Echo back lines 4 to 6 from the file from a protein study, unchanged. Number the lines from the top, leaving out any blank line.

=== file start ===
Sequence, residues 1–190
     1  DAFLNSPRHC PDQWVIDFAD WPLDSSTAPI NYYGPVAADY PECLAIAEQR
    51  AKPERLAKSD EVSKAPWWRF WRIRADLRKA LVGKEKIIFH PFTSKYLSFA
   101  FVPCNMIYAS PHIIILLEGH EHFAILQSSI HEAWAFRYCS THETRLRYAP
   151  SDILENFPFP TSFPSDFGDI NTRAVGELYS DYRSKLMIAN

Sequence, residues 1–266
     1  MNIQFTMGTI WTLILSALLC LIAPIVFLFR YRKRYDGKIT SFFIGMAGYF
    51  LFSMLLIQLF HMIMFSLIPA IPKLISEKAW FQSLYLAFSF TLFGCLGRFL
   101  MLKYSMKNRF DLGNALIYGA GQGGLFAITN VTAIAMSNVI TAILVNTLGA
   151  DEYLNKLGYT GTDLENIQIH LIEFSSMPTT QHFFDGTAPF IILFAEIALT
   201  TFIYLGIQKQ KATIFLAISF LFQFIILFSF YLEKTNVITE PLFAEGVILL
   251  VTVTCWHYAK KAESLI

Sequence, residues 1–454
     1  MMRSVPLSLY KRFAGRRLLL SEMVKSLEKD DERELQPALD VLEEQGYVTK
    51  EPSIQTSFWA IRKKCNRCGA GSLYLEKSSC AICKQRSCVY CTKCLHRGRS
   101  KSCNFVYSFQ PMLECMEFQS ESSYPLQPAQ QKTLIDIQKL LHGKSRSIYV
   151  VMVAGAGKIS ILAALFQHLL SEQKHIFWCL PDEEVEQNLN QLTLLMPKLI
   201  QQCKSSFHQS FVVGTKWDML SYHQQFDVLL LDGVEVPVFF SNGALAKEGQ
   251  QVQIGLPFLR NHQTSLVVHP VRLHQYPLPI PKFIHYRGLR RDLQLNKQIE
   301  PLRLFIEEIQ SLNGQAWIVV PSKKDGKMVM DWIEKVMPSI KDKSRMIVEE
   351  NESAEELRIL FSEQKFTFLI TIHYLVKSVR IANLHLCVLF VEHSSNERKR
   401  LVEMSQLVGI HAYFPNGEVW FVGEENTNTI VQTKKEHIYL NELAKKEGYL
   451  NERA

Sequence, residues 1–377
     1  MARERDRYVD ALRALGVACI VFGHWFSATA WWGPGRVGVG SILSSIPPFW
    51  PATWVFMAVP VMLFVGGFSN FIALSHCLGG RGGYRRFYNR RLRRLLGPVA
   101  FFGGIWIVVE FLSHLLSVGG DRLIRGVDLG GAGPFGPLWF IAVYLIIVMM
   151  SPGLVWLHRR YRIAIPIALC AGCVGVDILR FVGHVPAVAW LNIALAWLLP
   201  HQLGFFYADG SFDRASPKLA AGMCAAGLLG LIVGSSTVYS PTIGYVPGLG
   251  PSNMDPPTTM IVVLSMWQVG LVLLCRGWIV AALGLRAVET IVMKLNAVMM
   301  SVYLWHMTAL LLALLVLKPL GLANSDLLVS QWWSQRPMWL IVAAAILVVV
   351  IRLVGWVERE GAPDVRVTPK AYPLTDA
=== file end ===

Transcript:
   101  FVPCNMIYAS PHIIILLEGH EHFAILQSSI HEAWAFRYCS THETRLRYAP
   151  SDILENFPFP TSFPSDFGDI NTRAVGELYS DYRSKLMIAN

Sequence, residues 1–266